Chair of governors slams box-ticking, ‘culture of process’ and ‘backs being covered’ as college broken up
- Credit: Archant
A chair of governors has hit out at the “heavy hand” of regulators as his college sought to recover from the blow of two successive failed Ofsted inspections.
Easton and Otley College is set to be broken up - with its Suffolk campus at Otley coming under the auspices of Suffolk New College, and the Easton campus becoming part of City College Norwich - at the end of this year.
Mark Pendlington criticised the "risk averse nature and heavy hand of regulation" it faced as it sought "to recover, thrive and grow" following the inspectors' devastating verdicts.
MORE - Merger plans for Easton and Otley College receive 'overwhelming support'Reflecting on a tumultuous year, he described "a culture of process, with boxes having to be ticked and backs being covered".
This, he said, was "a poor substitute for showing faith in those with good ideas, experience and innovative thinking, who are willing to take calculated risks and work with experts to create something very special for the region and for UK plc.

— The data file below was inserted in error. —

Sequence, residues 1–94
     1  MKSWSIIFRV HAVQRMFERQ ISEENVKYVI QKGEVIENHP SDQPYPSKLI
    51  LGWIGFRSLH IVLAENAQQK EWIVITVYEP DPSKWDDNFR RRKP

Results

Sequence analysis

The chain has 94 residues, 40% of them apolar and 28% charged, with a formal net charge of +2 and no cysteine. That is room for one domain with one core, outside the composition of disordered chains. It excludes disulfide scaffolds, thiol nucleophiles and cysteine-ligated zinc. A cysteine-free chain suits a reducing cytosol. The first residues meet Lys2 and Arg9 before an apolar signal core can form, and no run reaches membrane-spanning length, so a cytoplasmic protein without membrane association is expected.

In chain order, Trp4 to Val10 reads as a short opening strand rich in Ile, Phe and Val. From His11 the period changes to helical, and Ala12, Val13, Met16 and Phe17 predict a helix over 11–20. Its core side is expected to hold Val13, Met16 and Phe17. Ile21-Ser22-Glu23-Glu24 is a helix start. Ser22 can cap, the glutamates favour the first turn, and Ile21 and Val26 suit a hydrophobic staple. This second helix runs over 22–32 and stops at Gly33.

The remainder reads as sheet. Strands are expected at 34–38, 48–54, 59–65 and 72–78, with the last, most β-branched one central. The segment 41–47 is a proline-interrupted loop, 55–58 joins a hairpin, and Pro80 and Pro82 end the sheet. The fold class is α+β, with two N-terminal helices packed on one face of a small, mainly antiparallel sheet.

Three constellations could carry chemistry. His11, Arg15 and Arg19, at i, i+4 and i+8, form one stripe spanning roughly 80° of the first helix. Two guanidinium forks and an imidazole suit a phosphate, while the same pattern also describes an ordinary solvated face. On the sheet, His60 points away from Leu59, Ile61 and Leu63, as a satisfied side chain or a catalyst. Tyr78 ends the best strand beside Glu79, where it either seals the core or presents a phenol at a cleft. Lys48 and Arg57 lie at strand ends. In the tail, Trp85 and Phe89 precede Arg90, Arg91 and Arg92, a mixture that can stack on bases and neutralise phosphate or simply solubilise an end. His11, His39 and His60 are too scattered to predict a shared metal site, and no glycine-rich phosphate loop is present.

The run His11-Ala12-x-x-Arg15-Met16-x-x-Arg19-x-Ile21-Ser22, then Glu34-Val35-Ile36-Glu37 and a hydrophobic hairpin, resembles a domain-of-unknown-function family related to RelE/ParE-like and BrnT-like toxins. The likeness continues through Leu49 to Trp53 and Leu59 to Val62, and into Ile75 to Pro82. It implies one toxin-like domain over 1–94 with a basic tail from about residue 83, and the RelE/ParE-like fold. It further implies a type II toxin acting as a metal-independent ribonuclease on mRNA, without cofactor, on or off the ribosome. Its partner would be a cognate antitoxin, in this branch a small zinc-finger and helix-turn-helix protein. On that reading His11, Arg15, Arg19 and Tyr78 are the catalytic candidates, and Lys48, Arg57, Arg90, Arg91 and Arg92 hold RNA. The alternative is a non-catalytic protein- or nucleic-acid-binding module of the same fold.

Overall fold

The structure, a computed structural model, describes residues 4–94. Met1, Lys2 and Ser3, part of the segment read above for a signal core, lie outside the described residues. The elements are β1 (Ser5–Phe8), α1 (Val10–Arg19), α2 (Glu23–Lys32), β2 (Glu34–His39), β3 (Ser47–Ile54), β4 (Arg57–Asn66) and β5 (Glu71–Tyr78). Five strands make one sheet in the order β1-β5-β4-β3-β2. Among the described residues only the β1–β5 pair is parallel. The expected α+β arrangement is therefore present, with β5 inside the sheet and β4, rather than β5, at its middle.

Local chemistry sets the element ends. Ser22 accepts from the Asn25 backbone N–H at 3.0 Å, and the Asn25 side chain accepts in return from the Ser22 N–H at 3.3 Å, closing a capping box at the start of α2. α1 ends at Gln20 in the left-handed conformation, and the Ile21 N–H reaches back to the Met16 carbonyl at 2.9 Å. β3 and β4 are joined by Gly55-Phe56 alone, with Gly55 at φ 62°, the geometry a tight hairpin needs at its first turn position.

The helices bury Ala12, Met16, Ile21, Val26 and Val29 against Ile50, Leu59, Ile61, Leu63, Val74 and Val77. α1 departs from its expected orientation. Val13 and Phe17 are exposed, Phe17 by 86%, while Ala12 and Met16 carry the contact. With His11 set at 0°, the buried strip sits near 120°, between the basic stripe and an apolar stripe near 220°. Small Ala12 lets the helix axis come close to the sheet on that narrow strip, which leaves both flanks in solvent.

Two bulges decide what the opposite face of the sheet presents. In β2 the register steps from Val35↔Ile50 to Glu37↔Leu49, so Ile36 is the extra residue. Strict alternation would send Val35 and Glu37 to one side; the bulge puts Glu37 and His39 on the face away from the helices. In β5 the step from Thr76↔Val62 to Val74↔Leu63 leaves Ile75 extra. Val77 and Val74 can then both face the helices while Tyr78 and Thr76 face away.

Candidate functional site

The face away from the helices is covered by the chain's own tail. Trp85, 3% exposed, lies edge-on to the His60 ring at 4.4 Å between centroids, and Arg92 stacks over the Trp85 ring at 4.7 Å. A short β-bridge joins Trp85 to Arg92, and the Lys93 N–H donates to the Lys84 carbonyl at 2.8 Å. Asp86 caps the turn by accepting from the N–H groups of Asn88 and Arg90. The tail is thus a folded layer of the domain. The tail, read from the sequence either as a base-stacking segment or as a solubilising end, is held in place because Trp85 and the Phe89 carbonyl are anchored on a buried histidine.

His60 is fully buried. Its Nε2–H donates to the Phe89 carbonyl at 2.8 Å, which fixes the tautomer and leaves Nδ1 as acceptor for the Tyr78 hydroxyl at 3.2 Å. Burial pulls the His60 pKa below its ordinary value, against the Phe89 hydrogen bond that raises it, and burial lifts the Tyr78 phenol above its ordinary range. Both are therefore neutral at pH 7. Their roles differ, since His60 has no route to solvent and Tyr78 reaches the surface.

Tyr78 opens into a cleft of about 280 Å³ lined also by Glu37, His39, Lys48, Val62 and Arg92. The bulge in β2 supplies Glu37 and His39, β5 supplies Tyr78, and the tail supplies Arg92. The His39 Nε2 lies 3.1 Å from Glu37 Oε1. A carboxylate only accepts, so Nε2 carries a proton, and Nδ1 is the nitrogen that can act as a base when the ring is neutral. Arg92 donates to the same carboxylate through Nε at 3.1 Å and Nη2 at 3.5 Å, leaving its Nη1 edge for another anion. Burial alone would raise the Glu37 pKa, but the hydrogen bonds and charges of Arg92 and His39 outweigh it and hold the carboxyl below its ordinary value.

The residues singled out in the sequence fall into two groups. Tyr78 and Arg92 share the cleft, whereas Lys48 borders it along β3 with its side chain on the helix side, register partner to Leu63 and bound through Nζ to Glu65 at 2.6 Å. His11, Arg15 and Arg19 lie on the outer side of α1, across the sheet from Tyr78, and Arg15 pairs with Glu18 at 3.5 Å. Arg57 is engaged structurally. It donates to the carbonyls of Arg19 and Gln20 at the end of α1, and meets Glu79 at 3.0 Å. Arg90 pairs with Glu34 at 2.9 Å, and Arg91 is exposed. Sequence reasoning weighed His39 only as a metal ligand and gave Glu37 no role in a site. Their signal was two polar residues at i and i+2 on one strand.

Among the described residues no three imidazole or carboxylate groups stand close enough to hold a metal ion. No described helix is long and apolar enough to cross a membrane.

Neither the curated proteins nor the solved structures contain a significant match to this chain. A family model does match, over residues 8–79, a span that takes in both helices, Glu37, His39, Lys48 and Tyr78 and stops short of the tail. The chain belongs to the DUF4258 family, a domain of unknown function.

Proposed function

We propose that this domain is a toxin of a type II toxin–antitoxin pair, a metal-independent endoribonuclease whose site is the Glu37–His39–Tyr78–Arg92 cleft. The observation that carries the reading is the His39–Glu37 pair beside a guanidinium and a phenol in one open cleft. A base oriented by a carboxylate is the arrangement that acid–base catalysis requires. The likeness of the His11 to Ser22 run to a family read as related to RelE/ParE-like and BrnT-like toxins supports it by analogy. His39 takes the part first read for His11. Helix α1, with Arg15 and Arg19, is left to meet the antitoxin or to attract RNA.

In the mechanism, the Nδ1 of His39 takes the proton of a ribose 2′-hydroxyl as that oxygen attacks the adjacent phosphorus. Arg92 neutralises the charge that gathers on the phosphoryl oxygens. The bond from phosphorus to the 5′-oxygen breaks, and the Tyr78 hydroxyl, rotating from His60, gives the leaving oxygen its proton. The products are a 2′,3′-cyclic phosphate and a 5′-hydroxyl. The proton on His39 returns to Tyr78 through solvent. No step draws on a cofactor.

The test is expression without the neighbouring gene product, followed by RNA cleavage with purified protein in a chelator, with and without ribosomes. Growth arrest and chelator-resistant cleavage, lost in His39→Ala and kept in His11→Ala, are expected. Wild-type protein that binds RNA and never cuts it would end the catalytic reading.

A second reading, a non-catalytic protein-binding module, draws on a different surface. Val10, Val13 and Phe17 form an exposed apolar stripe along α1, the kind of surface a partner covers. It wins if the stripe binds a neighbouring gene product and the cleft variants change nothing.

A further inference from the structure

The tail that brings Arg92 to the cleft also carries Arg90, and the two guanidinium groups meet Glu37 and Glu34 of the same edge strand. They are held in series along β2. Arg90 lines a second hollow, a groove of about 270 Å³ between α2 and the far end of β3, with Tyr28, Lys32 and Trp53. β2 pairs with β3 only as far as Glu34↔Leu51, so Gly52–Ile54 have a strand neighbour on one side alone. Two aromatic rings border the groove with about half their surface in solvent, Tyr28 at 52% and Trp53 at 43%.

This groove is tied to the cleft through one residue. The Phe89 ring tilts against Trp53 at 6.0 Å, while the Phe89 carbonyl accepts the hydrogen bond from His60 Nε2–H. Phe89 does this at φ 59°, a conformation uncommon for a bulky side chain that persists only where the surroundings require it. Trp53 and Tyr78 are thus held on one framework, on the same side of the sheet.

"To be told as I was, that "business does not understand education" speaks loudly to me about the need for cultural change and reform right at the heart of our further education system.
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"Otherwise people with ideas and dynamism will take their skills elsewhere and leave behind those many teachers and professionals in the system that want to push at the boundaries and make a world of difference to the lives of talented young people."
Industry heavyweight Mr Pendlington, who took on the role immediately after the land college's first failed Ofsted in 2017, said it had been "a non-stop roller coaster ride of events", with "many stomach-churning twists, turns, highs and lows".
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However, thanks to a "superb" team, the college could reflect on a job well done - having secured the future of land-based education in the region - and the Otley campus, which had faced an uncertain future, he revealed.
"It's no secret that the future of Otley was uncertain for a time. But for me, it was always a red line in the negotiations. Suffolk is a vibrant and achieving county, rooted in its rural economy, and to have no local base for land-based teaching would have been a very serious body blow for our county and economy.
"Thanks to hundreds of people and a vast number of organisations that rallied round to help, the successful merger with Suffolk New College was made possible."